* staff will train residents in the techniques of agriculture;
* staff will assist community residents in obtaining municipal and county assistance in the form of space in which to establish community gardens.
* staff will provide training to residents in canning and preserving fruits and vegetables.
Meat for the People
* staff will instruct residents in basic butchering skills and provide an insight into butchering as an occupation;
* workshops will be held on the price of meat,
* staff will provide educational programs on meat preparation; nutrition and meat quality;
* project staff will encourage and attempt to organize community groups to purchase large quantities of meat (e.g. whole cow) which could be butchered by themselves at substantial savings.
* nutrition education
The 15 full-time employees which defendant, as executive director of MUST, was to hire were required by law to be qualified as certified CETA participants, and once hired had to work 40 hours a week. The proofs at the trial clearly demonstrated that defendant hired noncertified individuals who were allowed to work less than 40 hours a week. This breach of MUST's contract with CETA was accomplished by defendant, who forwarded false time sheets to CETA. These part-time employees would divide the paycheck which was issued in the name of one of them. Defendant also permitted some MUST employees to work fewer hours than the time for which they were paid. Employees testified that the atmosphere at MUST was "lax," with little supervision over the time sheets or the comings and goings of employees.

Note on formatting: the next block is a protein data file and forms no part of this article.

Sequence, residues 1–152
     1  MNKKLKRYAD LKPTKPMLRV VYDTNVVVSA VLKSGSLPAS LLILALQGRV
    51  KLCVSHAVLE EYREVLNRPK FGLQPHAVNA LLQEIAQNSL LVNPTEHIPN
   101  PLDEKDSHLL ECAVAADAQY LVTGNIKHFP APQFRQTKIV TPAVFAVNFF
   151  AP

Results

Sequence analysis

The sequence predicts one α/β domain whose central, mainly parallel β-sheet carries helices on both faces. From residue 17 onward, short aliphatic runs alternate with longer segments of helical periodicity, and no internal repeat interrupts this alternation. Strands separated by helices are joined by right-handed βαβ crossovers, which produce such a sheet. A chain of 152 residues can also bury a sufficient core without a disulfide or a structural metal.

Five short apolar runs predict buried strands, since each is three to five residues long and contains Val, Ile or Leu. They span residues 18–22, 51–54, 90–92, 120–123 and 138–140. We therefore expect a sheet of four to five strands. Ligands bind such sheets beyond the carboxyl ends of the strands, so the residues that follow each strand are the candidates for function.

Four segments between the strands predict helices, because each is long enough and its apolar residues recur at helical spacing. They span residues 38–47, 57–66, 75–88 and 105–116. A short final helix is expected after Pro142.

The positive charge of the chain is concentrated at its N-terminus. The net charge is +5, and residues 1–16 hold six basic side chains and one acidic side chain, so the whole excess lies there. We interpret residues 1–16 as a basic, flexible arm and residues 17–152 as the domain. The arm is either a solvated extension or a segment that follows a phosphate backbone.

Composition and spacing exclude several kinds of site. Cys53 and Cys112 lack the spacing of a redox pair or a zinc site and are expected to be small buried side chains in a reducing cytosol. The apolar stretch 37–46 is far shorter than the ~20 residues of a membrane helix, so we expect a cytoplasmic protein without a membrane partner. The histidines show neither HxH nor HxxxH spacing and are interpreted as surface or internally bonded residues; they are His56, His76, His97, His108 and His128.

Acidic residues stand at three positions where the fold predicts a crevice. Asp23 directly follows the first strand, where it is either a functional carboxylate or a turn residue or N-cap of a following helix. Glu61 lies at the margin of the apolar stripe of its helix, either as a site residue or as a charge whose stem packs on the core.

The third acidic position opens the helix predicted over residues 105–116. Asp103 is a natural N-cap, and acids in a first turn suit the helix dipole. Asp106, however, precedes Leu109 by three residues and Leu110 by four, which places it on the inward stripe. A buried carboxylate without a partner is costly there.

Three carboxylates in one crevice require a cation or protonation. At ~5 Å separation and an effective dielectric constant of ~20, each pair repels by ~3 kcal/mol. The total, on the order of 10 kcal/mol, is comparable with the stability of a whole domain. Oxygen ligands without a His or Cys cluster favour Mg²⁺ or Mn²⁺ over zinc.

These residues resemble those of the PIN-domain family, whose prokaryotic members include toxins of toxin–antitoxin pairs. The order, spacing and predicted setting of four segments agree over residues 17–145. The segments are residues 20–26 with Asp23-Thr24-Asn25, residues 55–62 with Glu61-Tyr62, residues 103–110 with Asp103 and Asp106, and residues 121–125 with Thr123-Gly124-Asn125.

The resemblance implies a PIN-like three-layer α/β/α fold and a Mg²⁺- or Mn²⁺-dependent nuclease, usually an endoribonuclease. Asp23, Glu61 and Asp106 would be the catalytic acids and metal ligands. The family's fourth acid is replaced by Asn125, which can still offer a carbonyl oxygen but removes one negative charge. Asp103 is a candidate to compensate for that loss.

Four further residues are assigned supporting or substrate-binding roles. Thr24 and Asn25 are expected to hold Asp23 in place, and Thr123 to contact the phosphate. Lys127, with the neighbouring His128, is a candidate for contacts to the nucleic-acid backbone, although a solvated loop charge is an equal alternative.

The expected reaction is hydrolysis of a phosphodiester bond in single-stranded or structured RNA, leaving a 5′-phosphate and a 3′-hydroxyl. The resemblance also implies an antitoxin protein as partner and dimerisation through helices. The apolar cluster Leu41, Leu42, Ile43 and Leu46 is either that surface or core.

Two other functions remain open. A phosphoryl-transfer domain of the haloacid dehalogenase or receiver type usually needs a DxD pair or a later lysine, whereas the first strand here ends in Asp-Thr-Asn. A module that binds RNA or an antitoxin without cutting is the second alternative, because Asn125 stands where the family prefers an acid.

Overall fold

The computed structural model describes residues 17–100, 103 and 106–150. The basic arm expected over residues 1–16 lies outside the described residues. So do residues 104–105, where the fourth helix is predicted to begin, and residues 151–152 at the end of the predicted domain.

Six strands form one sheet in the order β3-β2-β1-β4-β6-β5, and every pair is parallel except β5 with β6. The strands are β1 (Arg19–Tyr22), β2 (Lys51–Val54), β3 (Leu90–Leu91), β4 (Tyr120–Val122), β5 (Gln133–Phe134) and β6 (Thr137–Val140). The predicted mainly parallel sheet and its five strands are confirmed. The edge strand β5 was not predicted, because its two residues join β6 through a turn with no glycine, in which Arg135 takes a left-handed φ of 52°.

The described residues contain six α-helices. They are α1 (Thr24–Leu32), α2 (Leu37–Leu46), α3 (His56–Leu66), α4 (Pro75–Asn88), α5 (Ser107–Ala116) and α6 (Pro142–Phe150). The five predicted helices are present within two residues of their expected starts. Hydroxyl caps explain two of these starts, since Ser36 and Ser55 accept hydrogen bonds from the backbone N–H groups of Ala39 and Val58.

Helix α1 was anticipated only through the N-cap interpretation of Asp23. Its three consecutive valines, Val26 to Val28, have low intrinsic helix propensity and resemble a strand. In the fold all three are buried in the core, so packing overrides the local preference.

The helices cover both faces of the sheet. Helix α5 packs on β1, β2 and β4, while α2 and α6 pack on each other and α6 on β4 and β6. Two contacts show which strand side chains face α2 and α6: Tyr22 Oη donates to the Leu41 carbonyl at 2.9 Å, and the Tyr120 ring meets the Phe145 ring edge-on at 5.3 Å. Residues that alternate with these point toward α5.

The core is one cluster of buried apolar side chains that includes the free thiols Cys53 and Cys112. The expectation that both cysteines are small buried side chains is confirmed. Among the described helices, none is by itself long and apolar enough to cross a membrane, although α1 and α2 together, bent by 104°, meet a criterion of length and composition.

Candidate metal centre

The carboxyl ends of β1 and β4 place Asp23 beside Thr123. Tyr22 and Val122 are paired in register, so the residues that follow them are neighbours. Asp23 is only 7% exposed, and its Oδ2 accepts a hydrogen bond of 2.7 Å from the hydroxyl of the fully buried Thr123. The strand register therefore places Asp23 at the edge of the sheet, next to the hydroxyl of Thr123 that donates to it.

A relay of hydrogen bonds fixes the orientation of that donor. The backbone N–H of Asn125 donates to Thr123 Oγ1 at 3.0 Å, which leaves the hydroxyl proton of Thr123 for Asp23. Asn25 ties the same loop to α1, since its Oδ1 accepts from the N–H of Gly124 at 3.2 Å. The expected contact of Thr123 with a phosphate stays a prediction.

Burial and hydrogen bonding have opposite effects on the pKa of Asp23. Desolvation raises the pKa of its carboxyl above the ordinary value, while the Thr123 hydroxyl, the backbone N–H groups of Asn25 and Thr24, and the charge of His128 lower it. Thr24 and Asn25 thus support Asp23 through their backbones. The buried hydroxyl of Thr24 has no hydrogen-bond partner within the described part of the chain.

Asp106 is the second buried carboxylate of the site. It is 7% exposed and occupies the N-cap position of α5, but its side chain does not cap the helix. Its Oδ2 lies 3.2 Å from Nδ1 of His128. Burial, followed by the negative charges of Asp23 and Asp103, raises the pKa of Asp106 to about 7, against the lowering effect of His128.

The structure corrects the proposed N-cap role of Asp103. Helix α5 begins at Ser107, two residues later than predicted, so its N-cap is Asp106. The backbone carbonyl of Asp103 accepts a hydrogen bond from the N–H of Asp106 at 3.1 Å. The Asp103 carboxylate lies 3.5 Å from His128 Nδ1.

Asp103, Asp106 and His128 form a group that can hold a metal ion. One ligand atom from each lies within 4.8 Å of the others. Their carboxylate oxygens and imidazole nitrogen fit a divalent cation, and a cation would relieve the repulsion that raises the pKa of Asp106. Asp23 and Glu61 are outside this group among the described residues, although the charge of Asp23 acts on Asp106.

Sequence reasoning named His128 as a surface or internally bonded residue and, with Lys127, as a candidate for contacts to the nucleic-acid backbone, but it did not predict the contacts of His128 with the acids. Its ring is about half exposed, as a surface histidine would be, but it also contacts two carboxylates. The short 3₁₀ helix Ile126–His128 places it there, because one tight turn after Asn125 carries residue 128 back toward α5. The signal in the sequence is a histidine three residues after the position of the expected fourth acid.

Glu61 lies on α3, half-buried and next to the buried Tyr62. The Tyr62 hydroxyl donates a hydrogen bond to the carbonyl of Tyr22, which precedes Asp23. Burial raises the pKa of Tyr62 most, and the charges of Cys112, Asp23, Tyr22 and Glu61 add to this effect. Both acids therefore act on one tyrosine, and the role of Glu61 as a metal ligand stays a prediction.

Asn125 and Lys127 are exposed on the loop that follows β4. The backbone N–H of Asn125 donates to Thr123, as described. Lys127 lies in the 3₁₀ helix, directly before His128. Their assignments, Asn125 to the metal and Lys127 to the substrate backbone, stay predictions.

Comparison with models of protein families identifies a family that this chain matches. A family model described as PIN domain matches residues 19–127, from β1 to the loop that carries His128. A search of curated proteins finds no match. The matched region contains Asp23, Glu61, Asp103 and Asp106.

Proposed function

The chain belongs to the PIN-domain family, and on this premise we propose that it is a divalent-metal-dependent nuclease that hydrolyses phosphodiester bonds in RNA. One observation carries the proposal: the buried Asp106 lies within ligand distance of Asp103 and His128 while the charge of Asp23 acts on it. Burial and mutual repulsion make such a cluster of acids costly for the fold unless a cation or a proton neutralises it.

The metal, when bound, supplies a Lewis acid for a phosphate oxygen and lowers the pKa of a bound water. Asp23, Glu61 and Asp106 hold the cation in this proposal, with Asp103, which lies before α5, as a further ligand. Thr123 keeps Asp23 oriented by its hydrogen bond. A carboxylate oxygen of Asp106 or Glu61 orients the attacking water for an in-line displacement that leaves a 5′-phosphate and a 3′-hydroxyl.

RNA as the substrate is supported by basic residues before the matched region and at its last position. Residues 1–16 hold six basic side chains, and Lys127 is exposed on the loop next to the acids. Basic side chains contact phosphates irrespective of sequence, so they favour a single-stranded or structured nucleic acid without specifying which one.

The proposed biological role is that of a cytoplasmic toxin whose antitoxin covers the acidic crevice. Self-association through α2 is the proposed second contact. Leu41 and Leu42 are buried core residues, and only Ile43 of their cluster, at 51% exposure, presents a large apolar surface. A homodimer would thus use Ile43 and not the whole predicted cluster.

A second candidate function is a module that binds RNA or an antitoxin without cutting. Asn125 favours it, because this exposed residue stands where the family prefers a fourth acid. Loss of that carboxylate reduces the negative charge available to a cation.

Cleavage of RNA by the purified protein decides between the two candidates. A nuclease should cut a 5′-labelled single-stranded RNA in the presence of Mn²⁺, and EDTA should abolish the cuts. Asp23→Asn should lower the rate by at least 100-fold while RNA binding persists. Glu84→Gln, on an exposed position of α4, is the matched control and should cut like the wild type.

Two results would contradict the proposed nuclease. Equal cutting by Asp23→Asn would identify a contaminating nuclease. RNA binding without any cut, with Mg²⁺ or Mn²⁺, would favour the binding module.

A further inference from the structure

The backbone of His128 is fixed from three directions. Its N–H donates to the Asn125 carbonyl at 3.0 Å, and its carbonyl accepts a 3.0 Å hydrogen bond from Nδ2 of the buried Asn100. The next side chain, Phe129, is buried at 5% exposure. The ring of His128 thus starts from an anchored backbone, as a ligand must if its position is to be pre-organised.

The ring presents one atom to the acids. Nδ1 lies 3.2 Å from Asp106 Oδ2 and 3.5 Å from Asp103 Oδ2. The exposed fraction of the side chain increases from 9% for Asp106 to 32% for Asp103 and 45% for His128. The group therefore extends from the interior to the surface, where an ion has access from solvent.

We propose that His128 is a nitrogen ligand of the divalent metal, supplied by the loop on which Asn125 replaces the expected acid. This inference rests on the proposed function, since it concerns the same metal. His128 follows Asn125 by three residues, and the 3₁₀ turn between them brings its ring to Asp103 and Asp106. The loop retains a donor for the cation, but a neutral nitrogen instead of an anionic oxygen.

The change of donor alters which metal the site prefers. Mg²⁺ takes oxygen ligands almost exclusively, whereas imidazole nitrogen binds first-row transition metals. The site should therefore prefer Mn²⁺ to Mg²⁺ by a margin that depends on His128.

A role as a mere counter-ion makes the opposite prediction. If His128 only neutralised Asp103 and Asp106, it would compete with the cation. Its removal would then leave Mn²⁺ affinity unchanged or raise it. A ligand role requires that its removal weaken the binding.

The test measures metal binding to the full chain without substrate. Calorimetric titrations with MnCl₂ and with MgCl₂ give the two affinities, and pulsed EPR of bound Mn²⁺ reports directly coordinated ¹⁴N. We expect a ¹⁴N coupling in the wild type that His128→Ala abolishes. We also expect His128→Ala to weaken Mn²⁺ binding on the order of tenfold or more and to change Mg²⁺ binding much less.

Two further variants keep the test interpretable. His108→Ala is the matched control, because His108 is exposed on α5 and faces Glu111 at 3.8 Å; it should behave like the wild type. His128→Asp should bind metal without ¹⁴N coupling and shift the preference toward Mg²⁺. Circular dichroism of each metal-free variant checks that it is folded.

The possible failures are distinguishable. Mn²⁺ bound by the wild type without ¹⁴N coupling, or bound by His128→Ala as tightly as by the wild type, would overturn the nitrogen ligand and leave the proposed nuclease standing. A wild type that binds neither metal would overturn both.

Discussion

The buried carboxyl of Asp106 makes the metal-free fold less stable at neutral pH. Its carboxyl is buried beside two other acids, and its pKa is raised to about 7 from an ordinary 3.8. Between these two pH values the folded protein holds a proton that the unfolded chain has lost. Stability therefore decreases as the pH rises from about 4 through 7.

At oral argument we requested additional information as to the organizational and operational characteristics of MUST, and were furnished with a copy of MUST's articles of incorporation.
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These articles demonstrate that MUST was organized as a nonprofit corporation pursuant to Title 15 of the Revised Statutes of 1937. These articles provided in pertinent part:
Second. The purpose of the Minorities United to Save Themselves is to serve as forum in which the minority community can find vehicles for social expression. Through the existing social structure, they can further develop the means and strategies for survival within the restraints and contexts of its relationship to the majority community.
Fourth. It is the intent and purpose of this corporation to be organized and operated exclusively for charitable or educational purposes in [sic] no part of the net earnings or principle shall inure to the benefit of any private share holder or individual in no [sic] substantial part of the activities of this corporation or any recipients of its fund shall be to carry on propaganda or otherwise to attempt to influence legislation.
In effect, what defendant did was to organize MUST as a nonprofit corporation and thereafter to contract with CETA to fund MUST's operations. Despite the fact that part of the CETA funds received by MUST were used to finance defendant's salary, we are hard pressed to characterize defendant's role in MUST as that of a public official. In the real world comprised of a myriad number of independent agencies which operate in whole or in part from funds channeled down through a complex system of funding by federal and state governments, who ultimately employ these funds to attain socially beneficial objectives as MUST does, we cannot conceive that the mere receipt of public funds, so channeled, makes the operative head of such an agency a public officer.